Newborn babies can get clogged tear ducts that leads to a sticky substance leaking out of the eyes. This becomes crusty if left. This is normal and should rectify itself in the first weeks. Occasionally a duct remains clogged and surgery is necessary, but this is very rare, suggests Cloud Mom.

If your baby has sticky eyes, particularly when they wake up, just wipe away the discharge using a sterile pad soaked in warm water and wipe gently until the goo disappears. Don’t be tempted to use your fingers; nails may scratch the baby and fingers may pass on little bugs and cause infection.

10 Snotty Noses

Babies can deal with a bit of a blocked-up nose, which is caused by swelling in the nasal cavity. Once you have cleared the mucus, it is safe to use saline drops in the nose to ease congestion.

It is quite normal for newborn babies to have some nasal congestion, and it is not a sign of a cold unless the mucus comes out of the nose, according to Villagepedi. Babies may also sneeze quite a lot in the first month, as they try to expel the mucus themselves. It might be unexpected, but it is nothing to worry about unless accompanied by other symptoms.

9 Smelly Feet


Baby feet are adorable, there is no doubt about it. Even if they are a little curled and monkey-like when the baby is first born, most parents marvel at the tiny, perfect little toes. However, babies do have a habit of developing smelly feet, even if when they are bathed regularly.

Smelly feet are caused by sweat, so if your baby is snuggled up in socks or wears sleep suits with built-in feet, try and give the feet a little breathing space each day. If feet do smell a bit, just give them a wash with mild baby soap and avoid using lotions that might block pores and make the problem worse.

8 Lots of Stale Milk Coming Up

When a baby has to expel excess milk because it has overfed or is getting rid of wind, the milk can smell quite odd as it has been mixed with stomach juices and saliva and started to break down.

It can be curdled and quite lumpy when it comes up and smells like stale milk. It is not something to worry about, it’s just a bit unpleasant to have the yogurt-like substance reappearing, and it is heartbreaking if there is a substantial amount of it if you have struggled to get it down! Make sure the baby is winded mid feed to give them more room in the tummy to take the milk.

7 Dribbling

As babies grow, they produce more saliva than they can swallow, and it must go somewhere. It tends to come out, dribbling down the chin and settling in the neck folds! This is normal and just needs mopping up so that it doesn’t settle and cause red, sore patches.

As the baby develops, they will drool more as they grow teeth and produce more saliva as a result. Newborn dribbling doesn’t necessarily mean they are teething, just that they haven’t learned to swallow enough saliva to prevent it dribbling out. Sucking produces saliva as well and babies love to suck to relax and of course, to feed.

6 Crusty Umbilical Cord

The umbilical cord is cut and clamped when the baby is born. This stump will remain for a few days after the baby is born. It might look a little crusty, as it is essentially dried tissue. If it looks oozy or has a strange smell, check it out with your doctor in case there is any infection present.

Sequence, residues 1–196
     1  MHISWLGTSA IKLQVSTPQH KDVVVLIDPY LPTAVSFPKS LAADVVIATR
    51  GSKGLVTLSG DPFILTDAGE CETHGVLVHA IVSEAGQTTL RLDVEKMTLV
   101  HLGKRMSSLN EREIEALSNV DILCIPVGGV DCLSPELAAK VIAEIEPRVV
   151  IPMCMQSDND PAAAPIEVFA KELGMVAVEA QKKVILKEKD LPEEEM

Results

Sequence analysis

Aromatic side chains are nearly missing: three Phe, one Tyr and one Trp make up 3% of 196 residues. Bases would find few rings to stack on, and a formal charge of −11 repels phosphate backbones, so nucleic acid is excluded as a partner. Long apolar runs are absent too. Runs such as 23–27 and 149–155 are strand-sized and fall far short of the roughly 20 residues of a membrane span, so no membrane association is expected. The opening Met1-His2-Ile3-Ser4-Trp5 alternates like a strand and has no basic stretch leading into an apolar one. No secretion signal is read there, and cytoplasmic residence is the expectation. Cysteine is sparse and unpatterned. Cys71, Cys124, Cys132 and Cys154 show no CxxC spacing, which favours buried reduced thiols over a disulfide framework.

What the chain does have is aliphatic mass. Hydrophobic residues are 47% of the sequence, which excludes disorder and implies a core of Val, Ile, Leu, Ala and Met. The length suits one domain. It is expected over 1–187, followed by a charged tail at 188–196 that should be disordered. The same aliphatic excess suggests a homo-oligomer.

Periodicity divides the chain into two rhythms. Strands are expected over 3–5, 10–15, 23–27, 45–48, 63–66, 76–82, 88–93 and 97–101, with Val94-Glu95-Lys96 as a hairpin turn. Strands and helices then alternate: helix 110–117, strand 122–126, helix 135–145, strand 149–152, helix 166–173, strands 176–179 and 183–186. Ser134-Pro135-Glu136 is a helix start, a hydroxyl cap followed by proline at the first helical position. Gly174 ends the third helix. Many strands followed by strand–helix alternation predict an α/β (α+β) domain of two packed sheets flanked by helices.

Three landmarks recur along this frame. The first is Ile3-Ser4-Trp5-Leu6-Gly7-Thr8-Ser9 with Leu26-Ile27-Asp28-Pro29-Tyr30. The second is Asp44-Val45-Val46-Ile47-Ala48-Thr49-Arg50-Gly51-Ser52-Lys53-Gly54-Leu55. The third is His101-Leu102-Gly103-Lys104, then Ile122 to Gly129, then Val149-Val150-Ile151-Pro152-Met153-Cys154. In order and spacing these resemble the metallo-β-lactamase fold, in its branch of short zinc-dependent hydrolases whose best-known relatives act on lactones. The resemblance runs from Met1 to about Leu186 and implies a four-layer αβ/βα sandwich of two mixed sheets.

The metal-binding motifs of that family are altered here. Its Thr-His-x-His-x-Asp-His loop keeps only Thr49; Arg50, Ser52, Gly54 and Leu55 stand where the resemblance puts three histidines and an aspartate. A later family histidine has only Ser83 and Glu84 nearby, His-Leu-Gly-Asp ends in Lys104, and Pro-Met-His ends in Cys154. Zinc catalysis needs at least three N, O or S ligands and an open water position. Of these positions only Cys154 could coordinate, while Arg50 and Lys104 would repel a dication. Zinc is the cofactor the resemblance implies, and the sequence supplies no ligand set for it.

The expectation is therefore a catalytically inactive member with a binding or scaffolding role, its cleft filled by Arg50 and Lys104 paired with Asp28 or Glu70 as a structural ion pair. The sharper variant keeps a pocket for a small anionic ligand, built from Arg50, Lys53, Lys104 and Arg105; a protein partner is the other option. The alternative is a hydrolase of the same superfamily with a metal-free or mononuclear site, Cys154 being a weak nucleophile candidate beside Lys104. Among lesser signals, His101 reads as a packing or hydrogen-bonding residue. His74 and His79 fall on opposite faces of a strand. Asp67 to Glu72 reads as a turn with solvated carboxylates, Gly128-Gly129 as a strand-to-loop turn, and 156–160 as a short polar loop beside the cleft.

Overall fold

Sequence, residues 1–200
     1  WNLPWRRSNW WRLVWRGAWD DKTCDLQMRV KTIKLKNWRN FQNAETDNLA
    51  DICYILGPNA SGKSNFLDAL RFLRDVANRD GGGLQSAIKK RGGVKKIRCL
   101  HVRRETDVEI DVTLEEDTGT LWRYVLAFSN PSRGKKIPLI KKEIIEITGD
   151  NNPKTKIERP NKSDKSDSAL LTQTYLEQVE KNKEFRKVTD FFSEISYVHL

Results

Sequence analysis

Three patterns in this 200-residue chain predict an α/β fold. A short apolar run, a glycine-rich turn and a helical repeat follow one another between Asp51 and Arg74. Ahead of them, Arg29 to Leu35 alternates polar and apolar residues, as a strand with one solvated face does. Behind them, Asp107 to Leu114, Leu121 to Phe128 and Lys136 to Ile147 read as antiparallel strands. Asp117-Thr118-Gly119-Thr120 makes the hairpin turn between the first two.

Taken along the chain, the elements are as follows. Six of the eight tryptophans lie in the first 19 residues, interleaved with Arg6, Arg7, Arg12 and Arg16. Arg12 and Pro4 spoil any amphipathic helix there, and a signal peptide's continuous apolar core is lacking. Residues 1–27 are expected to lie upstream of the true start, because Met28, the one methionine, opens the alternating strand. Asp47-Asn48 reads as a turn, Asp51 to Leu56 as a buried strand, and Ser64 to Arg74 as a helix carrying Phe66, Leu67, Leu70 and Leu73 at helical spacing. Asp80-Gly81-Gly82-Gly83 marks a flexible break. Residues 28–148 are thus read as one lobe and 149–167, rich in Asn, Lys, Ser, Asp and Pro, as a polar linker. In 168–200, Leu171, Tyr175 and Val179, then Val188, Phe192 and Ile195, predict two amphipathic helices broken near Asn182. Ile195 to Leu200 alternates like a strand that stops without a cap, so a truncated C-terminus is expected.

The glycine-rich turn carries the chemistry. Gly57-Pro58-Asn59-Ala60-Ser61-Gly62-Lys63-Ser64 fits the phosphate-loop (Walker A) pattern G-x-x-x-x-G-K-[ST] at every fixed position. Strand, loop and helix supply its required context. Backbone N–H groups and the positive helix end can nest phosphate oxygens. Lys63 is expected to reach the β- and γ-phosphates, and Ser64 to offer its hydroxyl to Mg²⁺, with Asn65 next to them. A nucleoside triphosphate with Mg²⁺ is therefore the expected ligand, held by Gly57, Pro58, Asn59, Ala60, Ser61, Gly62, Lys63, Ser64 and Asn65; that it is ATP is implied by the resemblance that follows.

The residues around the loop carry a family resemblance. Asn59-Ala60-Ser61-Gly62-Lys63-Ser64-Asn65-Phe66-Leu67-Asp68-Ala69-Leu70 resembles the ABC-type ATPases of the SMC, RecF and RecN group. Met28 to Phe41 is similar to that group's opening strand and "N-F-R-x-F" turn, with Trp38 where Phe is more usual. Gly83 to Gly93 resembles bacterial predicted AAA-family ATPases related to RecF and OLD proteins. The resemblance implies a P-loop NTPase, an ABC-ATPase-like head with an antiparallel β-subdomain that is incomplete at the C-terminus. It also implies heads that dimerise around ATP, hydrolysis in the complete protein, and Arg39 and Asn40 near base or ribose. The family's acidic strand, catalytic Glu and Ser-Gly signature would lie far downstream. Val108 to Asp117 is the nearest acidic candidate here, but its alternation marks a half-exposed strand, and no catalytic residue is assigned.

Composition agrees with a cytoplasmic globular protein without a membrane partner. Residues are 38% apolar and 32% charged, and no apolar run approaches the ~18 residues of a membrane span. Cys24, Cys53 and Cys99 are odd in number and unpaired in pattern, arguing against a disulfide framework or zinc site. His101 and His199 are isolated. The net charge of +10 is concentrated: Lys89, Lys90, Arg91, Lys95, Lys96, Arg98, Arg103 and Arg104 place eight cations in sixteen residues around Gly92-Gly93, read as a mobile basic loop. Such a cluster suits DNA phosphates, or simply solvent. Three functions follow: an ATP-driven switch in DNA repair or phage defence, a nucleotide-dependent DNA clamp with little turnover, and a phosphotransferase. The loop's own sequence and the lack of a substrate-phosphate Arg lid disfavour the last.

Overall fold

Try and keep the cord stump dry and let it fall off naturally. If it gets wet, just pat it dry carefully. When the stump does fall off, it may bleed a little, but this is also normal. The stump is essentially a scab, so it is normal for a little bleeding, which should stop quickly.

5 Milk Spots

Little white spots or milia often form on a newborn baby’s face. They typically appear round the eyes and on the nose and are not itchy or troublesome to the baby at all. Their name is deceptive, they have nothing to do with milk.

They have nothing to do with an allergy or a milk intolerance, their name simply comes from their color. The spots are really nothing to worry about and will appear on around half of newborn babies and disappear in a few weeks. Don’t be tempted to pick at them.

4 Snore

New parents can be taken aback by the amount of noise a baby makes when they sleep. They go through irregular breathing patterns as their respiratory system is so immature. This can lead to snuffling, snoring and sighing, and is usually nothing to be concerned about. The snuffling and snorting is caused because the baby breathes through its nose to allow it to feed at the same time.

A baby will snore more when it has a blocked-up nose. If this is the case, you could consider a humidifier in the baby’s room to help ease the congestion or raise the baby’s head a little as he sleeps.

3 Sticking Tongues Out

Sticking the tongue out or tongue protrusion is a completely typical symptom in a newborn baby, reassures Noah’s Dad. Tongue protrusion is part of the baby’s sucking reflex and will usually correct itself within the first six months.

Babies also stick out their tongues if they have nasal congestion that forces them to breathe through their mouths, so check the nose for blockages. It could be that the baby has a large tongue or a small mouth, and if you are concerned about either of these, seek a pediatrician’s advice.

2 Pulsing Fontanelle

The fontanelle is the opening between bones in the head that allows the baby to squeeze through the birth canal. It remains open after the baby is born and parents need to be careful not to press it or touch it unnecessarily. Sometimes called a ‘soft spot’ it is only present for a short period of time.

As the blood vessels to the brain are not covered by bone while the fontanelle is open, you may see some pulsating in that area. It is completely normal and does not mean anything has wrong. It will soon stop once the bones have fused together.

1 A Leaky Chest

It can be quite disconcerting for a parent to see their new born baby girl with a leaky chest. Sometimes enough liquid escapes to soak through the clothing. This is usually a completely normal reaction to the hormones in her bloodstream from being in the womb and if relevant, from breastmilk.

In some cases, it can be an abscess, so if the baby seems distressed and the area is lumpy and swollen, it is worth referring her to a doctor. The area does swell a little in some newborn babies, so it should be nothing to be concerned about.

Sources: Parents, Healthday, Happiestbaby, Netmums, Huggies